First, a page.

Rolls-Royce is developing a second ultra-low-volume model with bespoke bodywork.
The car is planned for the "near future", according to design chief Giles Taylor, and follows the one-off Sweptail model shown at the Villa d'Este concours event in Italy last year.
Taylor implies that there could be more than one example of this next model, although the number will be in the low single figures.
The company is exploring models with hand-beaten bodywork as part of its fast-growing bespoke business, says Rolls-Royce boss Torsten Müller-Ötvös, with the department now staffed with more than 100 designers, engineers, customer liaison staff and more.
“It's the future of luxury,” he says. “People don't want something others can get. They want something very unique. We've invested quite a lot in this. Bespoke is very important - without it, we wouldn't sell as many cars.”
One of the challenges of making panel-beaten bodies is “having the capacity to do it”, Müller-Ötvös adds, because these skills are hard to find. A promising solution “is 3D printing of panels”.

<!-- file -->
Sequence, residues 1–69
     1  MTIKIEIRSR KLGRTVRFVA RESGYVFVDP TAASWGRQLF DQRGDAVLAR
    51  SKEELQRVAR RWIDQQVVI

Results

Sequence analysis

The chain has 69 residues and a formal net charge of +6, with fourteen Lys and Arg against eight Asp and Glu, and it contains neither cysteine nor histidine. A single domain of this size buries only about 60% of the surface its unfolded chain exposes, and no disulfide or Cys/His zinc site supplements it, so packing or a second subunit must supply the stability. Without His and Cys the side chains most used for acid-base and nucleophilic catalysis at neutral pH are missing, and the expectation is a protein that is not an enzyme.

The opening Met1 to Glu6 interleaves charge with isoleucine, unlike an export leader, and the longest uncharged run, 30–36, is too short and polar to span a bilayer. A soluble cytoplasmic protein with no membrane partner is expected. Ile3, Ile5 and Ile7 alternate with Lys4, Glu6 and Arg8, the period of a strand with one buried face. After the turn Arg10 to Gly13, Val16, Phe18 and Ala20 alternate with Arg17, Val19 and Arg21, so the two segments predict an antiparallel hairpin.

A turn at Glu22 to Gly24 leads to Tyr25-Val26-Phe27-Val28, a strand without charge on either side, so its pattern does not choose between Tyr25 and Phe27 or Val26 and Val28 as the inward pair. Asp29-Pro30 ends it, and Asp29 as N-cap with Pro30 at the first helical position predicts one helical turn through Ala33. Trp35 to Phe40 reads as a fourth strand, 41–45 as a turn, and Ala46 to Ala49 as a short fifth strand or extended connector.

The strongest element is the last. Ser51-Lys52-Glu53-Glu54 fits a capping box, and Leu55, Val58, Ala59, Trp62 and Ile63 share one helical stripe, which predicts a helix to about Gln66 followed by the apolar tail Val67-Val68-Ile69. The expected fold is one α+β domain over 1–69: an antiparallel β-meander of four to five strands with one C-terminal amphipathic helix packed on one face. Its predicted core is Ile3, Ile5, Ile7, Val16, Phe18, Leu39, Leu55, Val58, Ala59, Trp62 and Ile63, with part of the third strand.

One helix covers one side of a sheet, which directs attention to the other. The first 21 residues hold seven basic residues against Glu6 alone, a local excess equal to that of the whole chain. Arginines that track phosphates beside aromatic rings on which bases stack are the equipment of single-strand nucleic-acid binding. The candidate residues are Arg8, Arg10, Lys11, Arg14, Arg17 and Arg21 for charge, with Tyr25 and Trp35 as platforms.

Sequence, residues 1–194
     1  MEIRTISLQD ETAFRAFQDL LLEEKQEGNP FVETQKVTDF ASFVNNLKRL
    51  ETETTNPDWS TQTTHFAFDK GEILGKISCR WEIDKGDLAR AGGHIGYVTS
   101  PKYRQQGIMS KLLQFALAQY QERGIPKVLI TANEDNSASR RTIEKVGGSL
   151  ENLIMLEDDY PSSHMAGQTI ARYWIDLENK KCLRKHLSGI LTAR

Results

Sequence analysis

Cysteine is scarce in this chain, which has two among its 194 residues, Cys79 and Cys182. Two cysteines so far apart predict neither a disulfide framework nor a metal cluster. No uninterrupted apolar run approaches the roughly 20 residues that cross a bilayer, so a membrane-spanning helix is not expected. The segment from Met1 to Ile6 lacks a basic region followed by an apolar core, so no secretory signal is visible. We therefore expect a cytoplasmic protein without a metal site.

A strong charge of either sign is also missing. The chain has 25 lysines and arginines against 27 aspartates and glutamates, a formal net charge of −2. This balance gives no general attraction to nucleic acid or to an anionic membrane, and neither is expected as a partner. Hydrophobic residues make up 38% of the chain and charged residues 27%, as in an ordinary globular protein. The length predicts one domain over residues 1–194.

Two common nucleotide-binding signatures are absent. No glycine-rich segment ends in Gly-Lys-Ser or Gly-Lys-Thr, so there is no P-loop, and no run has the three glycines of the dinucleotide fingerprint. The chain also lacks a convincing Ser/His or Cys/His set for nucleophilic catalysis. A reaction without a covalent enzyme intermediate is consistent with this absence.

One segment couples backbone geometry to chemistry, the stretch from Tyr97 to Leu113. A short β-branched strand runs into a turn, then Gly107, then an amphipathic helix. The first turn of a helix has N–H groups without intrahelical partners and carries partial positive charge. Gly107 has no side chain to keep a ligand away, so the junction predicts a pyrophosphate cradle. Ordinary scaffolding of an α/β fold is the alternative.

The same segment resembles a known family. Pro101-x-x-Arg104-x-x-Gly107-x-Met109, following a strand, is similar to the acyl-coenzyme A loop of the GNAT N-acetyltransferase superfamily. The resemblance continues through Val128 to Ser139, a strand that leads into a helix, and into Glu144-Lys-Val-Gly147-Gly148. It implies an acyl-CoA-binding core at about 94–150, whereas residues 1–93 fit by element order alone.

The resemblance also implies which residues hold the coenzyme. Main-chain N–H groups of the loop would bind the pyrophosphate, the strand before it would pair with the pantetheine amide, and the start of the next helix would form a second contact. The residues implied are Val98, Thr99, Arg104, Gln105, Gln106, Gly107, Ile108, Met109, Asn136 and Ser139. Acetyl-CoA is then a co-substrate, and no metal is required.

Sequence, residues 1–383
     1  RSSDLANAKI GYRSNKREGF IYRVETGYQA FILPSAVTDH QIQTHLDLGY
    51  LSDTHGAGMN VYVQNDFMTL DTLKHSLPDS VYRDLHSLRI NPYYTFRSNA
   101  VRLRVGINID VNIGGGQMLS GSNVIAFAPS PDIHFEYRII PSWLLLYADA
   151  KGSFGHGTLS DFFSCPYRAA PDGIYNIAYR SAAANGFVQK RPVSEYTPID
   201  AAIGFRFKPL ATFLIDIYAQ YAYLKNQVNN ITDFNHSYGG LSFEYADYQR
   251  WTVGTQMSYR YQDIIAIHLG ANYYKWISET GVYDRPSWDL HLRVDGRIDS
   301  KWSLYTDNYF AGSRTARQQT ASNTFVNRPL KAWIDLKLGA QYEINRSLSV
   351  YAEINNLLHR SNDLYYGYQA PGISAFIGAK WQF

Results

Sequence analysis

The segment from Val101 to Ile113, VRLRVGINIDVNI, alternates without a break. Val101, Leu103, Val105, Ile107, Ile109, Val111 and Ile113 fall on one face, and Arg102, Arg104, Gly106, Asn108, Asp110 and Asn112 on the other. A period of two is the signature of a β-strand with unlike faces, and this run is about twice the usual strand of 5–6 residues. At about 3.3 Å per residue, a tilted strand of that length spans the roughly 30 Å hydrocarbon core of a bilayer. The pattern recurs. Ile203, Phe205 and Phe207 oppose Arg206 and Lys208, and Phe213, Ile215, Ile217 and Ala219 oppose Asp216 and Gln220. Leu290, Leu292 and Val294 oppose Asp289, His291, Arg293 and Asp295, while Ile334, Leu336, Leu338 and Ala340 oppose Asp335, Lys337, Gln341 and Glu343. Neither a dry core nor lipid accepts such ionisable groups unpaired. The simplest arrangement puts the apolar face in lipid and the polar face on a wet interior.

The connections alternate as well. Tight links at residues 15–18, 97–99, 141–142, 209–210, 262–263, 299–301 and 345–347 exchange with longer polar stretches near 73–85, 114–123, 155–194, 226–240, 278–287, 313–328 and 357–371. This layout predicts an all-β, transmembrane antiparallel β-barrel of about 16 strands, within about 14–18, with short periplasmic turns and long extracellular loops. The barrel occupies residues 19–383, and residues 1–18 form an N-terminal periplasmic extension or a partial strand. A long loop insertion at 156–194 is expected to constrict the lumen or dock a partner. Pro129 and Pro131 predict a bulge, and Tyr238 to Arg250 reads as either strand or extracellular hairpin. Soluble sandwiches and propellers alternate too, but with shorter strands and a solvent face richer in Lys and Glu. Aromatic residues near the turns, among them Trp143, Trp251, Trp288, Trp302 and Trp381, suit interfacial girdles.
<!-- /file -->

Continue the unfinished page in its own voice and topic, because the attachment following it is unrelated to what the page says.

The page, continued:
Further in the future, perhaps by 2040, Müller-Ötvös believes the advent of autonomous cars and the reduced need for pedestrian protection features could allow more creative scope. “It could bring the old era back,” he says, referencing the last century when bespoke bodywork was built on a separate chassis.
Rolls-Royce’s bespoke department is an increasingly busy division in the company, having created several high-profile projects in recent history, including the Sweptail, and it fettled the four cars displayed at the Geneva motor show. Almost every Rolls-Royce ordered today features that department’s handywork at the request of the customer, the brand has previously revealed to Autocar.
The next ultra-exclusive car will likely be not quite as customer-involved as the Sweptail, however. Speaking at the Sweptail launch last year, Taylor said: “We will probably never repeat the level of involvement we had with a customer for this car [Sweptail] ever again, not because we don’t want to but because it’s always fraught with risk that someone may misinterpret the end goal. It’s a risk you might end up with something that doesn’t fit the brand or suit the customer."